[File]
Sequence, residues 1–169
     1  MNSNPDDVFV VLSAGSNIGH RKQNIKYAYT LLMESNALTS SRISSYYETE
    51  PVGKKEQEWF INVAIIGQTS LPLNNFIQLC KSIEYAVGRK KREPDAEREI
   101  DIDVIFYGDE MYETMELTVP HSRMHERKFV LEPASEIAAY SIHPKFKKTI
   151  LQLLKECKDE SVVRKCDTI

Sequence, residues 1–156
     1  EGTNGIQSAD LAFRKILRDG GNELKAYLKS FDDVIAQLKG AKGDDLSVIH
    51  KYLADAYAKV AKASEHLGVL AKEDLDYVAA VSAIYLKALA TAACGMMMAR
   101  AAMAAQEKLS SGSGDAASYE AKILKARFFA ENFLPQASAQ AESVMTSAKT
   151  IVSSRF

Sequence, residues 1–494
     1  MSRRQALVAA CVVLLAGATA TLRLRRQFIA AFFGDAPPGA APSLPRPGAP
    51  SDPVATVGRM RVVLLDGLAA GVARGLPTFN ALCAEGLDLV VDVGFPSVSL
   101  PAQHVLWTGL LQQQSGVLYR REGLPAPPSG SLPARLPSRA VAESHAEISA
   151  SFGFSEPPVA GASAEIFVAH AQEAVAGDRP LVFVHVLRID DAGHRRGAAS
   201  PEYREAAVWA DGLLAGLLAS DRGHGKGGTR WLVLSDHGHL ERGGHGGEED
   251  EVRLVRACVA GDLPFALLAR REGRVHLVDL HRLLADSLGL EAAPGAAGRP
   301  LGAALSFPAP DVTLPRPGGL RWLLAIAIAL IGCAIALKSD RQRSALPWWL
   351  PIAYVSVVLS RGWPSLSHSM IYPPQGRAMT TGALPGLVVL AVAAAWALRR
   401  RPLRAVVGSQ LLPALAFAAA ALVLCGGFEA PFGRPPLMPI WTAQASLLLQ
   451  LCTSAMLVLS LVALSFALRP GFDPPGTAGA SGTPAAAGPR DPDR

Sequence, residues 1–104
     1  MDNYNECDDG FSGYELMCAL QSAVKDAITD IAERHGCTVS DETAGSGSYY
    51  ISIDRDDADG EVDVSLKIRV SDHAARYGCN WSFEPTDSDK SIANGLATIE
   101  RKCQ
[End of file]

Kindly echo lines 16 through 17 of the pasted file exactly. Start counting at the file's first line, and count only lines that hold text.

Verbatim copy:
   201  PEYREAAVWA DGLLAGLLAS DRGHGKGGTR WLVLSDHGHL ERGGHGGEED
   251  EVRLVRACVA GDLPFALLAR REGRVHLVDL HRLLADSLGL EAAPGAAGRP